If water is the new oil, then Grand and Summit counties should be as flush with cash as Saudi Arabia.  Instead, Grand County communities pay as much as three times more for water and sewer services than the beneficiaries of our water on the Front Range and are facing even higher fees as our watershed dries up.

Recent water agreements include commitments for our county to at least begin to deal with the effects of losing 80% of our water to eastern slope users.  If the “Moffat Firming” project is fully realized the only water left in the Fraser River might be return flows from irrigation and treated effluent from local sanitation plants.

“If” is a key word above as eastern slope conservation groups continue to fight expansion of Gross Reservoir where “firming” water from the Fraser would be stored.

The key concern is how west slope residents will pay for mitigating east slope impacts to our watershed. Fraser valley residents are facing what could be a $5 million upgrade to our regional sewage treatment plant to remove copper from waste water because there is not enough water in the river below the plant to dilute copper leaching from plumbing pipes.

Simply put, we will pay $5 million because Denver is taking so much water out of our river.  Also simply put, water diversion constitutes a point source pollutant – a view disputed by diverters. “The solution to pollution is dilution” goes the old saw – a solution no longer available to local taxpayers.

Another diversion impact arises from the fact Fraser obtains its minimally treated drinking water from wells.  Regular testing is done to see if town well water is “influenced” by surface water. As soon as testing shows surface water is mixing with ground water Fraser will face another $5+ million dollar bill to build a surface water treatment plant. Our wells along the Fraser River draw from ground water originating in the mountains around us. Denver maintains a system of ditches circling the valley, reducing the amount of water flowing through our underground reservoir. The key to underground water quality is dilution.  Our future becomes clear; here comes another multi-million dollar expense at least partially due to water diversion.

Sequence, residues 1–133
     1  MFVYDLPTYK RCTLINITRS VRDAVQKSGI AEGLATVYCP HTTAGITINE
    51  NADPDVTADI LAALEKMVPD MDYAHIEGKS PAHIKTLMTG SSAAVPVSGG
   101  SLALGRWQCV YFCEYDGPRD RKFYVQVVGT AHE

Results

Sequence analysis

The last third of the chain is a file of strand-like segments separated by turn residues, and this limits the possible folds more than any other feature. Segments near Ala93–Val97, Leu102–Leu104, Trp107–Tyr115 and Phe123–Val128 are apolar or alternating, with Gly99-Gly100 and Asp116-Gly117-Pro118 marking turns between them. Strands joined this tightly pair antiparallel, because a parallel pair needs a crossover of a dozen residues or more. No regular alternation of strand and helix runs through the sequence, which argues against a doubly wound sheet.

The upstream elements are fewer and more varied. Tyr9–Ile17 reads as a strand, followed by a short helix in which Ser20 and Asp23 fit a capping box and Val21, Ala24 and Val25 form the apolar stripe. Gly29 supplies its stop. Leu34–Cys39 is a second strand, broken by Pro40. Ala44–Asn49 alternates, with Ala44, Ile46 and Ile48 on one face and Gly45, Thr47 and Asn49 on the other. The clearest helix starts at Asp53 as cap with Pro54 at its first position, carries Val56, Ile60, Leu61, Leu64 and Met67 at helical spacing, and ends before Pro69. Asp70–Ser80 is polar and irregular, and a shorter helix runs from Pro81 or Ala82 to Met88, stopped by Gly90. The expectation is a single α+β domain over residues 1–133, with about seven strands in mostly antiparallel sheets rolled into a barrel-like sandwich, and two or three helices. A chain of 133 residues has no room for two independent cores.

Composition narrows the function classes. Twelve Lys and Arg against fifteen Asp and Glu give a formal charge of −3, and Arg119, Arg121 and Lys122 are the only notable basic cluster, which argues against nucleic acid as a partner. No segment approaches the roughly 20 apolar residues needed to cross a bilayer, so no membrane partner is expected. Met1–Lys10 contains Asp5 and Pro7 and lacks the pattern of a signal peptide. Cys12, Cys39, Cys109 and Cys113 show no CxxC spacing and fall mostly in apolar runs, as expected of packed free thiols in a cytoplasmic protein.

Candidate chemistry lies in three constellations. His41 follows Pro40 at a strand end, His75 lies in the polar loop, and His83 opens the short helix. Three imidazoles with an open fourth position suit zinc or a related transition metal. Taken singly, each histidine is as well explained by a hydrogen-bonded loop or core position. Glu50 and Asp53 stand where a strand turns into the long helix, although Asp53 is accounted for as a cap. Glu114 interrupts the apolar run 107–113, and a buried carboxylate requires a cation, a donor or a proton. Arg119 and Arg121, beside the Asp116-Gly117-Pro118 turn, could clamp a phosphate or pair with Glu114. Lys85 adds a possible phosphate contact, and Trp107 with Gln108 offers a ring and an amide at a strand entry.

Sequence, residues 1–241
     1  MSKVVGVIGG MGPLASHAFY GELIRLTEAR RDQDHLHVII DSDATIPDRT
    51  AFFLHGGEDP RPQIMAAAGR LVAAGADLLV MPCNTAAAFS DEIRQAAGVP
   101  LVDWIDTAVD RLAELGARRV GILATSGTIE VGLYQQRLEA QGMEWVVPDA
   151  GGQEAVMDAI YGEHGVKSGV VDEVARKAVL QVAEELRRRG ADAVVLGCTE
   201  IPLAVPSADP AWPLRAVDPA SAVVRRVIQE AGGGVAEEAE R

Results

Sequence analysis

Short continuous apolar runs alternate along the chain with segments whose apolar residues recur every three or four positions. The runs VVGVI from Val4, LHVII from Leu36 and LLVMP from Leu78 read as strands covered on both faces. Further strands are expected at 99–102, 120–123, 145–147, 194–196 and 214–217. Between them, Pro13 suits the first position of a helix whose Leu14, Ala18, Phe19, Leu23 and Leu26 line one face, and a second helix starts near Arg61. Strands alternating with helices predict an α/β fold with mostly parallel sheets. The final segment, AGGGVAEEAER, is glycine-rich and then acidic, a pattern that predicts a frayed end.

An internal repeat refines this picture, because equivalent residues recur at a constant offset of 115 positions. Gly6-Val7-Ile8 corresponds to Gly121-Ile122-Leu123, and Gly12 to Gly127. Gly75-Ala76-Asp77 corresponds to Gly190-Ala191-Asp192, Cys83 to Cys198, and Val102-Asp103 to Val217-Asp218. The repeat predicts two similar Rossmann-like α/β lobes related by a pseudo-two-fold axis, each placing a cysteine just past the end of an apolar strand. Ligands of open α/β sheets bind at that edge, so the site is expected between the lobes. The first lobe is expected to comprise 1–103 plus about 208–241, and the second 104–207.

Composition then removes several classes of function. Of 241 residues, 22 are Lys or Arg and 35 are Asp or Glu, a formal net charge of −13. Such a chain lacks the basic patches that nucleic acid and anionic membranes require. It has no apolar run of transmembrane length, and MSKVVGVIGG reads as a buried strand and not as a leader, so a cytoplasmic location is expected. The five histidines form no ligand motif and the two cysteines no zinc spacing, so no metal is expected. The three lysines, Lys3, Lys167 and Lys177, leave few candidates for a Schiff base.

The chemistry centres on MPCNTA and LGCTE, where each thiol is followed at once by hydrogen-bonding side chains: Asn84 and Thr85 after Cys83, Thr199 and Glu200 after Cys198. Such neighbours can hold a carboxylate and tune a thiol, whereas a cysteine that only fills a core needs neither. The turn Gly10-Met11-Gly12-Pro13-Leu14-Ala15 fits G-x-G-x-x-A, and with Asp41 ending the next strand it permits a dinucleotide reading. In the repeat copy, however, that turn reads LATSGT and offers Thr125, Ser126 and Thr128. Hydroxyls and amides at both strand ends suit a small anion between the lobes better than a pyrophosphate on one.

It is critical to remember we are all in this together – east and west slope residents all depend on the upper Colorado watershed. In recognition of this fact, Denver Water invests in forestry projects in the valley to help preserve water quality in case of a fire. The Northern Colorado Water Conservancy District has offered to help pay for the copper upgrade to the regional treatment plant (Northern removes 60% of Grand County water headed for the East Slope, Denver removes the other 40%). Both local and Front Range agencies would benefit from a predictable source of mitigation funding.

Some would say Denver Water owns the water they seek to divert and we are therefore powerless to ask for mitigation. We do still have leverage.  Assuming environmental regulations survive the current Administration’s onslaught on reason; watersheds are protected by environmental laws. It is also a given all of us, including Denver and the Northern District, share a common interest in keeping our Colorado River headwaters healthy.

The Upper Colorado River Watershed Group (a recently organized local water group) is exploring a funding source which has been long discussed by many different local and state groups.  The idea is to levy a per gallon fee on water leaving Grand County’s watershed to help deal with the financial impacts of diversion. This fee could mitigate impacts to local taxpayers, help protect a resource depended upon by eastern slope residents and could maintain a high quality watershed capable of supporting wildlife.

If you are not convinced a sustainable source of revenue is needed to fund upper Colorado water stewards in their efforts to keep what is left of the Colorado River healthy, please form a mental image of rings around the basins of the rapidly disappearing Lakes Mead and Powell. The Colorado River Compact is the blue whale in the room; this 1922 agreement governs allocations from our river to the 36 million plus people in seven states the Colorado River supplies. We know there is not nearly enough water in the Colorado to satisfy the increasingly thirsty American Southwest, emphasized once again this year as the North American Atmospheric Administration forecast the upper Colorado River Basin flows into Lake Powell will be a paltry 39 percent of average.          

We are all in this boat together and if we don’t obtain the resources needed to preserve the shallow water keeping us afloat we’ll all certainly be left high, dry and broke.

Columnist Andy Miller is but one voice on the Boards of both the Town of Fraser and the Upper Colorado River Watershed Group. His opinions are his alone and do not necessarily represent the positions of either group.